25–50 ng/ml. As detailed by Carpenter and Wahl (1991),
EGF has a wide range of concentration in body fluids
that includes a low of 1.14 ng/ml serum to such highs as
101 ng/ml of seminal fluid, 140 ng/ml milk and 272
ng/ml prostate fluid. IL-1a concentration reports are
scarce but extraction of IL-1a from brown adipocytes or
spleen shows a high concentration, e.g., 260–460 ng/mg
protein in the nuclear fraction alone (Burysek and
MCP-1 EXPRESSION IN THE DENTAL FOLLICLE
Houstek, 1996). It also should be noted that studies
using articular cartilage slices used a concentration of
50 ng IL-1a/ml medium for 4 weeks (Xu et al., 1996).
These molecules that enhance MCP-1 gene expression probably have other roles in tooth eruption, as
shown by their ability to enhance gene expression in a
manner such that a cascade of molecular signals
(EGF=TGF-b1=IL-1a=CSF-1) might initiate eruption (Wise and Lin, 1995). Although CSF-1 might be the
critical molecule needed to enhance MCP-1 gene expression, the fact that the other putative eruption molecules
also can increase MCP-1 expression reflects the theme
that more than one molecule can exert the same
developmental effect. This redundancy of gene function
is demonstrated by the example that either transforming growth factor-alpha (TGF-a) or epidermal growth
factor (EGF) can accelerate incisor eruption (Tam,
1985; Cohen, 1962). Mice with a null mutation of the
TGF-a gene still have a normal eruption of the incisors
(Mann et al., 1993), suggesting that EGF substitutes
for the missing TGF-a.
MCP-1 itself is a CC chemokine, so named because of
two conserved cysteine residues that are adjacent to
each other near the N-terminal end of the chemotactic
protein (see review by Rollins, 1997). Human monocyte
chemotactic protein 1 and its murine counterpart (JE)
have a 62% amino acid homology over the first 68
positions of the protein (Rollins et al., 1989) and both
are equally chemoattractive for monocytes (Ernst et al.,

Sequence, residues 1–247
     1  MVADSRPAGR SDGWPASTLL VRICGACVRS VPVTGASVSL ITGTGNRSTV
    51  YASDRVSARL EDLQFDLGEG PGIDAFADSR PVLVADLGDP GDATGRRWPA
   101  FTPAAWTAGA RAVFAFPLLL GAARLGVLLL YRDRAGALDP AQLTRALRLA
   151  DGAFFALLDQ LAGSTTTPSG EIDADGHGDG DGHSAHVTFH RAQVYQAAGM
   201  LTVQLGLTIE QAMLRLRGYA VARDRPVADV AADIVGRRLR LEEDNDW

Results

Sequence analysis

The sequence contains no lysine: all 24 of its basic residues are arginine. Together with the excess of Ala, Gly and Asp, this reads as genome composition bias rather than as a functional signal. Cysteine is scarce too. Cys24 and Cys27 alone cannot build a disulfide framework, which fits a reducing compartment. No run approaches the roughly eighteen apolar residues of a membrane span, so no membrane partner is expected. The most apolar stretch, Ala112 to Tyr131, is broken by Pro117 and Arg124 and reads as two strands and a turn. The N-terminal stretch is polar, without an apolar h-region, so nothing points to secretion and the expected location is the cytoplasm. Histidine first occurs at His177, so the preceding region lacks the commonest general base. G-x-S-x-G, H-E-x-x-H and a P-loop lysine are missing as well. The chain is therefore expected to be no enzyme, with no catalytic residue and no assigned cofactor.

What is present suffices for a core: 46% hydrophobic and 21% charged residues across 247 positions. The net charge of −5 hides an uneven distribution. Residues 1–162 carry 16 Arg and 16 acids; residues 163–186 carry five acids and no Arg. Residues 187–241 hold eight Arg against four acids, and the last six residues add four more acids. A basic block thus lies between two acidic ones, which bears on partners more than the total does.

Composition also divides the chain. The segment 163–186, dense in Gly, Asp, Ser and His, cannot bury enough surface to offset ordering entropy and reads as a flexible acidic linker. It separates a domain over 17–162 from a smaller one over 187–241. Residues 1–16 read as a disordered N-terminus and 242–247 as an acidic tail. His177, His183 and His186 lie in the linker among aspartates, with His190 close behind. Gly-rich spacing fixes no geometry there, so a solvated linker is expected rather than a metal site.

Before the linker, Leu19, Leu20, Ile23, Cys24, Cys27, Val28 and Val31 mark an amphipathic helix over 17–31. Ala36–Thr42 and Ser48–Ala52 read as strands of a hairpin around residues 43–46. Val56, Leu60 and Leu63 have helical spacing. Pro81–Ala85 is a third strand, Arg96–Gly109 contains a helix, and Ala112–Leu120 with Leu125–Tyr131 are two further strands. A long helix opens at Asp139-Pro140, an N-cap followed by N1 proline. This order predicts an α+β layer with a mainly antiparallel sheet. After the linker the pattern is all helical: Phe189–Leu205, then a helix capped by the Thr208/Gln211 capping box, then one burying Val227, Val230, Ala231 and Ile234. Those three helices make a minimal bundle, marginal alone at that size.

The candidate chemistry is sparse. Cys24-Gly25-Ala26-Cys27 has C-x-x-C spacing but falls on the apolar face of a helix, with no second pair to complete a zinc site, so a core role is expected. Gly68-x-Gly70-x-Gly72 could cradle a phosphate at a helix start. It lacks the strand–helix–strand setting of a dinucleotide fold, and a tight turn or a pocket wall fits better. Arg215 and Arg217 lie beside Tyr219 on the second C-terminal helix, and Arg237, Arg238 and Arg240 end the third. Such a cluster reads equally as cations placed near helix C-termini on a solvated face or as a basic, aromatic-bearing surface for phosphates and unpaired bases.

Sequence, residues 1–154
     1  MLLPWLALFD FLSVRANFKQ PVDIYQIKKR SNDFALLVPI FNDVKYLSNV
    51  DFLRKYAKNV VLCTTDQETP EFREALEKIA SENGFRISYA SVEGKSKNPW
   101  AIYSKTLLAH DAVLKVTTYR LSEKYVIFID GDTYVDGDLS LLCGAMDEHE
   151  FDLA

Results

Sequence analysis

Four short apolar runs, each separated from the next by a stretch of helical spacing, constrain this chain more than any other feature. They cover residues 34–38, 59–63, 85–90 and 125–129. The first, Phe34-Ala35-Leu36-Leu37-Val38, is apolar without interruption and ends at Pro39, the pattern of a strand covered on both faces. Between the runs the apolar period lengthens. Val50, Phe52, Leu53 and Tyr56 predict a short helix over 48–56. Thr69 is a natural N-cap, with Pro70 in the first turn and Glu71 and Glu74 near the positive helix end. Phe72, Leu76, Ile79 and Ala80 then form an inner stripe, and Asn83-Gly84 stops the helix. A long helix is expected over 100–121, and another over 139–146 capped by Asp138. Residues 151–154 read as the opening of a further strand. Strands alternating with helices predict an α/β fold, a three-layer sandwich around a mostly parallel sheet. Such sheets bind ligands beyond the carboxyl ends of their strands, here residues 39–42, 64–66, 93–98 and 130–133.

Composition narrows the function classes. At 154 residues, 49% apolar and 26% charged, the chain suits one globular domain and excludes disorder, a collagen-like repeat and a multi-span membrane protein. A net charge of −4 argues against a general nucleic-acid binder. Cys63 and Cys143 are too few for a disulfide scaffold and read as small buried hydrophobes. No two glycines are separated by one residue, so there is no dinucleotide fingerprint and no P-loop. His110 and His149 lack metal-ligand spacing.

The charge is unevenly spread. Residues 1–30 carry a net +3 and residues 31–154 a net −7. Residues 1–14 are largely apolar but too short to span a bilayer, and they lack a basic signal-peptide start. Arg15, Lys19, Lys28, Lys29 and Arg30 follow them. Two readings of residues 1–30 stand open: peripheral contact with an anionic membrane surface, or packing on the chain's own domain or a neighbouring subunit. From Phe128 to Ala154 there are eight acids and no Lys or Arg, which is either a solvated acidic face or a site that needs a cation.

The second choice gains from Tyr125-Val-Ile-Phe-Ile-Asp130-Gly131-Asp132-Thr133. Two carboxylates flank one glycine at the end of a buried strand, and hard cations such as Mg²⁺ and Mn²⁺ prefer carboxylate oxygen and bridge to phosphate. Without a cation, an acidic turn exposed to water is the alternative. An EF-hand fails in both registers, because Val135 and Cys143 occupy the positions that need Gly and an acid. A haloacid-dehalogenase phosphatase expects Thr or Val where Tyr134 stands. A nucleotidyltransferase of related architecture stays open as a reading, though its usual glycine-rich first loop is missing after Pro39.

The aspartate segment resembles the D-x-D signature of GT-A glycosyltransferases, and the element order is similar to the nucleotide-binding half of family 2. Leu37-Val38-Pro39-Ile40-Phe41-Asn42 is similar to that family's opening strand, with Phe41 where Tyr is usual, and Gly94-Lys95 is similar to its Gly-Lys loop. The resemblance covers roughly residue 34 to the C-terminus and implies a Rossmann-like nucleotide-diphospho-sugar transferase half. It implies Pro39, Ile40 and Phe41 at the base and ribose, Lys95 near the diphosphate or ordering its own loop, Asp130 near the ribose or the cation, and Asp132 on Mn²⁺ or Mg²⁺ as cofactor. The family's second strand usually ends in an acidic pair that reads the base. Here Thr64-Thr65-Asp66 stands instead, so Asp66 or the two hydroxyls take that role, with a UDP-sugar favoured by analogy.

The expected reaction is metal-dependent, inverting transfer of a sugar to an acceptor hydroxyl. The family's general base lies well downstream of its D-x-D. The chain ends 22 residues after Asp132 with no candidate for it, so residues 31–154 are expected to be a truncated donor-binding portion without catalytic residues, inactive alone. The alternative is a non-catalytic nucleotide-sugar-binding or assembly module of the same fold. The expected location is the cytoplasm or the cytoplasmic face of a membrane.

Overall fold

1994). In view of their structural and functional similarities, it is probable that the role MCP-1 could play in
molar eruption in the rat is paralleled in the human.
Tooth eruption is somewhat analogous to chronic
inflammation in that both processes involve the attraction of monocytes to a specific site by a chemotactic
substance. For example, expression of MCP-1 is noted
in osseous inflammation (Rahimi et al., 1995), inflammation of gingiva (Yu and Graves, 1995), atherosclerosis
(Nelken et al., 1991; Yla-Herttuala et al., 1991; Yu et al.,
1992), synovial inflammation (Villiger et al., 1992) and
glomerulonephritis (Rovin et al., 1994). As would be
expected, MCP-1 expression is often enhanced by proinflammatory cytokines such as IL-1 (Brieland et al.,
1995; Goppelt-Struebe and Stroebel, 1995; Rovin et
al., 1992; Takeshita et al., 1993), TGF-b1 (Hanazawa et
al., 1991; Takeshita et al., 1995) and CSF-1 (Shyy et al.,
1993). The probability that many of these proinflammatory cytokines may be involved in tooth eruption suggests that a developmental process, tooth eruption, may
have evolved as a modification of the chronic inflammation process. In fact, MCP-1 itself stimulates histamine
release from basophils (Alam et al., 1992; Bischoff et al.,
1992; Kuna et al., 1992), again relating tooth eruption
to an inflammation heritage.
EXPERIMENTAL PROCEDURES
Cell Cultures
Harlan Sprague-Dawley rats were housed in Association for Accreditation and Assessment of Laboratory
349
Animal Care (AAALAC)-approved facilities and provided with water and food ad libitum. Cultures of dental
follicle cells were established from the first and second
mandibular molars obtained from 6–7-day-old postnatal rats (Wise et al., 1992). The cells were maintained in
Eagle’s modified minimal essential medium (MEM)
(ICN Biochemicals, Costa Mesa, CA) containing 15%
fetal bovine serum (Gibco-BRL, Grand Island, NY) in
the presence of streptomycin and penicillin. For the
experiments in which cells were cultured with different
cytokines or growth factors, the fourth passage or later
of the dental follicle cells was used to insure the
homogeneity of the cell population (Wise et al., 1992).